The USAT Liberty is Bali's most famous dive site. Built circa WWI this cargo ship was equipped with guns for WWII and was torpedoed by the Japanese off Lombok on the 11th of January, 1942.
Two US destroyers hitched up to the ship and tried to tow it to the port of Singaraja. The damage was immense, she was taking too much water and her crew ran the vessel up onto the beach of Tulamben 70km away from the nearest safe harbor.
Over the years anything reusable was removed by locals.
In 1963 the Liberty was pushed to her present location by the fatal eruption of the volcano Gunung Agung. During this process the hull broke into two pieces. Now she is laying only 30 meters from the Tulamben beach on a sandy slope 90° on her side parallel to the shore.
The Liberty wreck dive is suitable for all levels of qualification and experience. It is the only Bali dive site that can actually become crowded as day trippers from the south brave the three hour drive for their two dives. She lies in depths from 9 to 30 meters; the shallowest part of the wreck, where it touches the sand slope, is at 5 to 10 meters. Depth along the middle of the wreck is 16 to 20 meters. The lower edge of the wreck, ie: furthest down the slope, is 20 to 28 meters (at high tide). The wreck is 120 meters long, it's pretty broken up so no penetration is possible but you can still see the guns, toilets, boilers, anchor chain, etc. It is a lovely dive site and possibly the world's easiest wreck dive.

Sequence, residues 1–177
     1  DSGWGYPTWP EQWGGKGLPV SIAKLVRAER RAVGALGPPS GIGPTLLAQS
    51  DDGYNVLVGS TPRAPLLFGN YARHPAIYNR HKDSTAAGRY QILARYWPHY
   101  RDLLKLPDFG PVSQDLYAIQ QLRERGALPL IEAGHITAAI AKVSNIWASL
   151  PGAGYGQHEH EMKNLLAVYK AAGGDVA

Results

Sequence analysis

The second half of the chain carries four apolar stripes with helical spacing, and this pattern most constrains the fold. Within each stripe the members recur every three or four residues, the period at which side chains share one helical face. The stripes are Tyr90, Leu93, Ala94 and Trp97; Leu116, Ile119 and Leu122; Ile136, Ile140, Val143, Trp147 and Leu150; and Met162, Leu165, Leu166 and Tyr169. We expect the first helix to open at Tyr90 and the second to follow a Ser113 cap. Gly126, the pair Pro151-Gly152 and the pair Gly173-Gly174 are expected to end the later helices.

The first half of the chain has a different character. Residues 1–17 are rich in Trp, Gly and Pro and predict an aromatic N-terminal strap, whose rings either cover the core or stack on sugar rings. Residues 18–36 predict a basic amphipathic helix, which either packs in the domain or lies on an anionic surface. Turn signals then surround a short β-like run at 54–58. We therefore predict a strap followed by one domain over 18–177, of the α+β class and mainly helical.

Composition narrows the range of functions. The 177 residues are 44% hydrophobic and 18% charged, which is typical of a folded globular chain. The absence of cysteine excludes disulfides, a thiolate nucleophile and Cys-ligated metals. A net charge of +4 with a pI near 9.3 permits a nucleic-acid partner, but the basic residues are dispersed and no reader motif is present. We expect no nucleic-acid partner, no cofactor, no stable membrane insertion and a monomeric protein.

The wreck is now completely covered in healthy coral growth, and the numerous structural holes provide endless opportunities for exploration. Soft corals dominate here, with crinoids, featherstars and hydroids. Fish life here is simply awesome with
marine biologists estimating that about 400 different species of reef fish live on the Liberty alone. Most of the medium sized fish have become tame and will literally swarm divers in the shallows. Night diving the wreck especially on a full moon is an amazing experience where Spanish dancers and flashlight fish can be seen amongst the swirling phosphorescence.